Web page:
The Immortal Child

by W. E. B. DuBois

If a man dies shall he live again? We do not Know. But this we do know, that our children's children live forever and grow and develop toward perfection as they are trained. All human problems, then, center in the Immortal Child and his education is the problem of problems.

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In the treatment of the child the world foreshadows its own future and faith. All words and all thinking lead to the child,--to that vast immortality and wide sweep of infinite possibility which the child represents.

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Remember, too, that ... the ... child-mind has what your tired soul may have lost faith in,--the Power and the Glory.

Out of little, unspoiled souls rise up wonderful resources and healing balm...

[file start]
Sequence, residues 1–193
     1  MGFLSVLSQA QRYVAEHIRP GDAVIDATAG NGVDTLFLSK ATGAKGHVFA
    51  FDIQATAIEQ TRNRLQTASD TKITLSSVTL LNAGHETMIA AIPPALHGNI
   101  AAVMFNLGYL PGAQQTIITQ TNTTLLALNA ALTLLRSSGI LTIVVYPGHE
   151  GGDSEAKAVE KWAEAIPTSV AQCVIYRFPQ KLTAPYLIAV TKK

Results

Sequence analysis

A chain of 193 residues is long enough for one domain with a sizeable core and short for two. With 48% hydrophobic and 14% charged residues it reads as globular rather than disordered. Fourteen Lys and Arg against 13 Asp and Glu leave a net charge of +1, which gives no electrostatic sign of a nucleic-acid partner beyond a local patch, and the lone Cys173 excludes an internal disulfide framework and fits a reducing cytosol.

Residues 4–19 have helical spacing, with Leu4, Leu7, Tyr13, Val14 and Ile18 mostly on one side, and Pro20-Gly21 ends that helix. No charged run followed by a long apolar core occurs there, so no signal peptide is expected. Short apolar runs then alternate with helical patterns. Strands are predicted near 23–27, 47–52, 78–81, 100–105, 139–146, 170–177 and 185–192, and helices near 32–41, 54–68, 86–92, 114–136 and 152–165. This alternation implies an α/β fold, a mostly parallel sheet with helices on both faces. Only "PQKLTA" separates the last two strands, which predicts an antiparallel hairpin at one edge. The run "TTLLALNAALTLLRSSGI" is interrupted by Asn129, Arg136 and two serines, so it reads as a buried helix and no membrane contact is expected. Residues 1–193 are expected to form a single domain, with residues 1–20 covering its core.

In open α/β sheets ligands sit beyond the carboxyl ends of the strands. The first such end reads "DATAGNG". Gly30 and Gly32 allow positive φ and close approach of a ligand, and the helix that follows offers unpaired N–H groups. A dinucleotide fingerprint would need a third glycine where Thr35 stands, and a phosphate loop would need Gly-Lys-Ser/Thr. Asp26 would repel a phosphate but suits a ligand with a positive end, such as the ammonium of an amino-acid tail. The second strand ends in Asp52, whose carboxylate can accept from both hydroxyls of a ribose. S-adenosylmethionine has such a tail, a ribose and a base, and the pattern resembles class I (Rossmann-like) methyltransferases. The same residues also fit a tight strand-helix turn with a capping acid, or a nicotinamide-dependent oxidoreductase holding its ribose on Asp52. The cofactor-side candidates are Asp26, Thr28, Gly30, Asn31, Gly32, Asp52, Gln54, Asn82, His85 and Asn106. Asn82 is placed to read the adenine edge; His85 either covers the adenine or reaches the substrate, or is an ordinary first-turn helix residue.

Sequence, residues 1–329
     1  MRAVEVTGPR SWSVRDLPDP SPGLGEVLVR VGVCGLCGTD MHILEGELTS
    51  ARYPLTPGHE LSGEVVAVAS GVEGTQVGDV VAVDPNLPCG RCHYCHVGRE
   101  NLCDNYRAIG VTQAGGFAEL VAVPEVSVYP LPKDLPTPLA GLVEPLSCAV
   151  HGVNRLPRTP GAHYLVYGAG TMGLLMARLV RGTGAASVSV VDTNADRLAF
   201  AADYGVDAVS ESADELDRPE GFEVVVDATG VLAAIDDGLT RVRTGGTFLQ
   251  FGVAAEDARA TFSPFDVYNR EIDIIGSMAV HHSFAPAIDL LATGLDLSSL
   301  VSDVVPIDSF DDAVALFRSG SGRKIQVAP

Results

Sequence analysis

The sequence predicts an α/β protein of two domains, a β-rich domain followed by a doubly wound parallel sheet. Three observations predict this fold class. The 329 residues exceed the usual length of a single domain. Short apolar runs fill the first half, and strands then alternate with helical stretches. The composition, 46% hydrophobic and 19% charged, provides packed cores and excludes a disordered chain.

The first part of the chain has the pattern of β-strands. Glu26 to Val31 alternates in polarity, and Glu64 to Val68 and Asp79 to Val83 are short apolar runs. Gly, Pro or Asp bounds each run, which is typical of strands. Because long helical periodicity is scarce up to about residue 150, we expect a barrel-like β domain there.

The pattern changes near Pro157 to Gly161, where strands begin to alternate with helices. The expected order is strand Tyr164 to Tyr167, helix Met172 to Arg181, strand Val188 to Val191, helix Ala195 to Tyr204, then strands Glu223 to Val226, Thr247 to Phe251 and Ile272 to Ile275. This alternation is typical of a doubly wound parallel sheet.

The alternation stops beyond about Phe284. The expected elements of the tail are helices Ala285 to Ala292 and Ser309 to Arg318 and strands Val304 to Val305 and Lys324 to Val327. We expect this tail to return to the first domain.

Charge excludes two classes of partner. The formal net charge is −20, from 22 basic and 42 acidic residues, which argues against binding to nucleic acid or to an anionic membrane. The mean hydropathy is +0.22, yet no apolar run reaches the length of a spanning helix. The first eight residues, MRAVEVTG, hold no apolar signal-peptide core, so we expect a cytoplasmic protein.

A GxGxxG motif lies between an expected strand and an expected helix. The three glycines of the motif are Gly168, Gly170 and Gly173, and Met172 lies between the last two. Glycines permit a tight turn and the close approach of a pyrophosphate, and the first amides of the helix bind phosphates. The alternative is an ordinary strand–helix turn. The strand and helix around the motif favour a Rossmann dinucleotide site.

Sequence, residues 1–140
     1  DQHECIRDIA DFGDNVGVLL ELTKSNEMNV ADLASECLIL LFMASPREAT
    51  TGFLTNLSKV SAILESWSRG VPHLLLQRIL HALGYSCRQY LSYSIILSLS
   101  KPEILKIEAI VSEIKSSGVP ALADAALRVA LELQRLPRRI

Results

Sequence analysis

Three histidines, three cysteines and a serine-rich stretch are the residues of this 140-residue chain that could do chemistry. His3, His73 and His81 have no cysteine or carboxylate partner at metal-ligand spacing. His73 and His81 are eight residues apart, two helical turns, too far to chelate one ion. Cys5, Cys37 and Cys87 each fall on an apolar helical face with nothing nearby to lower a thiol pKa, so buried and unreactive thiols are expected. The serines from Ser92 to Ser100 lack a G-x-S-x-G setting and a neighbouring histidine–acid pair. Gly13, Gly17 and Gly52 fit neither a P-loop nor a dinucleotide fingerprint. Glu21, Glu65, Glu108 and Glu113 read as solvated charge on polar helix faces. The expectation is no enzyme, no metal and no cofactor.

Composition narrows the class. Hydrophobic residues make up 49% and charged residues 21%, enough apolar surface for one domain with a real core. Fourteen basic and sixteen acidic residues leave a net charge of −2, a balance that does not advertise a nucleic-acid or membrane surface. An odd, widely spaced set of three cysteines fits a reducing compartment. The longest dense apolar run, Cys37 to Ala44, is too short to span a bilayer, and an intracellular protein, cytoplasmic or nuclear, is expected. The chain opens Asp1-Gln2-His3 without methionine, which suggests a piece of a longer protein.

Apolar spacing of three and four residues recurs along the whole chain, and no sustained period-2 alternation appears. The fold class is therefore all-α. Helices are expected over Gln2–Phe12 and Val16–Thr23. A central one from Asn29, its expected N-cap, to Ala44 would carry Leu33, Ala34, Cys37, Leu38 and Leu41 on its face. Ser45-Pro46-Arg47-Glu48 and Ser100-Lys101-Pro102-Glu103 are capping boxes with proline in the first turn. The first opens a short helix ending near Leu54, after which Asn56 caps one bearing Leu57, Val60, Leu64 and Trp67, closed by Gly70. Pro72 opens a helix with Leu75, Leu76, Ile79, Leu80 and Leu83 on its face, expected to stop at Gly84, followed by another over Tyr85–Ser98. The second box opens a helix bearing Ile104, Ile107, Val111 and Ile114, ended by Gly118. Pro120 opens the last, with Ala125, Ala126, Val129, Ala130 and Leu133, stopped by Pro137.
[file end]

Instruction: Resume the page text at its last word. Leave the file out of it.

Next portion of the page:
--a power and impulse toward good which is the mightiest thing man has...

a great, moving, guiding ideal!

With this Power there comes, in the transfiguring soul of childhood, the Glory: the vision of accomplishment, the lofty ideal. Once let the strength of the motive work, and it becomes the life task of the parent to guide and to shape the ideal; to raise it from resentment and revenge to dignity and self-respect, to breadth and accomplishment, to human service; to beat back every thought of cringing and surrender.

Here, at last, we can speak with no hesitation, with no lack of faith. For we know that as the world grows better there will be realized in our children's lives that for which we fight unfalteringly, but vainly now.

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Excerpted from the chapter "The Immortal Child" in his book, Darkwater.

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